Canada’s Northwest Territories even depicts the northern treeline on its coat-of-arms.

Famous Trees

State trees that were adopted because of famous individual trees include Maryland’s white oak (inspired by the Wye Oak) and Connecticut’s white oak (inspired by the Charter Oak). However, it isn’t likely that you’ll be seeing the Charter Oak on the silver screen; a storm toppled it.

Tree Crazy

New Jersey, Nevada, and California each have two official trees. Several states have adopted arboreal blossoms, fruits, nuts, or petrified wood in addition to their state trees. But Maine may be the premier tree maniac.

What other state would call itself the pine tree state, display its state tree on its flag and seal, adopt a pine cone as a state flower, and even mention its state tree in its state song?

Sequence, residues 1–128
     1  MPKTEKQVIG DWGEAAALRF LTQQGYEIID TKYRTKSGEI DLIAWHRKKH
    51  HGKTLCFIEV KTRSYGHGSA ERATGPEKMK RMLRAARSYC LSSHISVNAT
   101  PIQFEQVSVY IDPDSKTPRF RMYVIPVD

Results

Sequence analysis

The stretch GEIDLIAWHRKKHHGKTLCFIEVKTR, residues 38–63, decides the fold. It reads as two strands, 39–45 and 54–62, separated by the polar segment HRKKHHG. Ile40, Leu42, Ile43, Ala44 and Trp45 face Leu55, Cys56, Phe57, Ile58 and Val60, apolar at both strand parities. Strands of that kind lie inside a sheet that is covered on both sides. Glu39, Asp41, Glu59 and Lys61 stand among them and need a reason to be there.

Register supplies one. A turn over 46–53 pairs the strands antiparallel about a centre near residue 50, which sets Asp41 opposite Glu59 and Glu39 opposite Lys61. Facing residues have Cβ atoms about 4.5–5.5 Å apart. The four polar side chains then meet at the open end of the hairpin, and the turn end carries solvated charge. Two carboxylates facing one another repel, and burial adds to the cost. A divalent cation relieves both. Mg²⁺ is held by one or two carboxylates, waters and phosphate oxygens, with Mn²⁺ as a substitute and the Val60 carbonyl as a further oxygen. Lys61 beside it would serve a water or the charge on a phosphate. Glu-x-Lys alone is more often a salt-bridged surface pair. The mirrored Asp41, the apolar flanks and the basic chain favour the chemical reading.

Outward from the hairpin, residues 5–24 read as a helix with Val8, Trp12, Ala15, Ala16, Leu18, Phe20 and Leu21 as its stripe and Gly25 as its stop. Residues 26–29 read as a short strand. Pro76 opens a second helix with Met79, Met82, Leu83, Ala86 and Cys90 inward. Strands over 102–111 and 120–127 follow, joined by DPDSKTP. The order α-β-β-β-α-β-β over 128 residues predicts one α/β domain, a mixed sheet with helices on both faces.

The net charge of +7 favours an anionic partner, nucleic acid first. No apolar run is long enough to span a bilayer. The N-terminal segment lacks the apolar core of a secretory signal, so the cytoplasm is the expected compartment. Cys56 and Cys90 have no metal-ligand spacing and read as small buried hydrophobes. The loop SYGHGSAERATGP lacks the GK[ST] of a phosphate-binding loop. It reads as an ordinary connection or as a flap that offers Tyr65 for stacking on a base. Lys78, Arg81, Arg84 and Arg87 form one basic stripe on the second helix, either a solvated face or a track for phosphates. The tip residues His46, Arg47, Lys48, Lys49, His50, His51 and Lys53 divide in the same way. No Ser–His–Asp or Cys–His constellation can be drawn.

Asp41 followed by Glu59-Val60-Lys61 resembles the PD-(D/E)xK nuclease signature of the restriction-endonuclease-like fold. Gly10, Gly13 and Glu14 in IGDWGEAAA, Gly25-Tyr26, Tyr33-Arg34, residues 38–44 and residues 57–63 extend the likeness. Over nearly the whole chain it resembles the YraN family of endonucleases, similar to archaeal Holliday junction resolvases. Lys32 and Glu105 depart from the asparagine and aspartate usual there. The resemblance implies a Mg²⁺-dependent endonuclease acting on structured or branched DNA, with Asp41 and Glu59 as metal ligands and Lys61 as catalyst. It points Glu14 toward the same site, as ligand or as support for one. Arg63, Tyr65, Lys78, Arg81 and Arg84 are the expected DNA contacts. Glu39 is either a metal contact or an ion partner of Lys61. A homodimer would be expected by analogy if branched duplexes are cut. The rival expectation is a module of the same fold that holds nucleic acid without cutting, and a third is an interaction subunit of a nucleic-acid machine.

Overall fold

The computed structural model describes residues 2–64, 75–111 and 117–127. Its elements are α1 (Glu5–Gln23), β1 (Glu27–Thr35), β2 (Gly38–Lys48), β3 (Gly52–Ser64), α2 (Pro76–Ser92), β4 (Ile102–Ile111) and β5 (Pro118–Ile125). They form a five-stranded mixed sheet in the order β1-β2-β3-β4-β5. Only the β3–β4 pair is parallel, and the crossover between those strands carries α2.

By the way, the first official arboreal symbol was Oklahoma’s state “flower,” mistletoe. Depending on who you talk to, it was either the first or the second state flower. Of course, state flowers led to state trees. The record years for adopting trees were...

1947 – Seven state trees were adopted by New Hampshire, Connecticut, Tennessee, North Dakota, South Dakota, Wyoming and Washington.
1949 – Six trees were adopted by Vermont, West Virginia, Wisconsin, Alabama, Montana and New Mexico.
1987 – Six trees were adopted by Nova Scotia, New Brunswick, Prince Edward Island, Manitoba, British Columbia and Nevada.
1939 – Five trees were adopted by Delaware, South Carolina, Arkansas, Colorado and Oregon.
1937 – Five trees were adopted by Georgia, Kansas, Oklahoma and California (which adopted two state trees).
1953 – Four trees were adopted by Florida, Ohio, Minnesota and Nevada.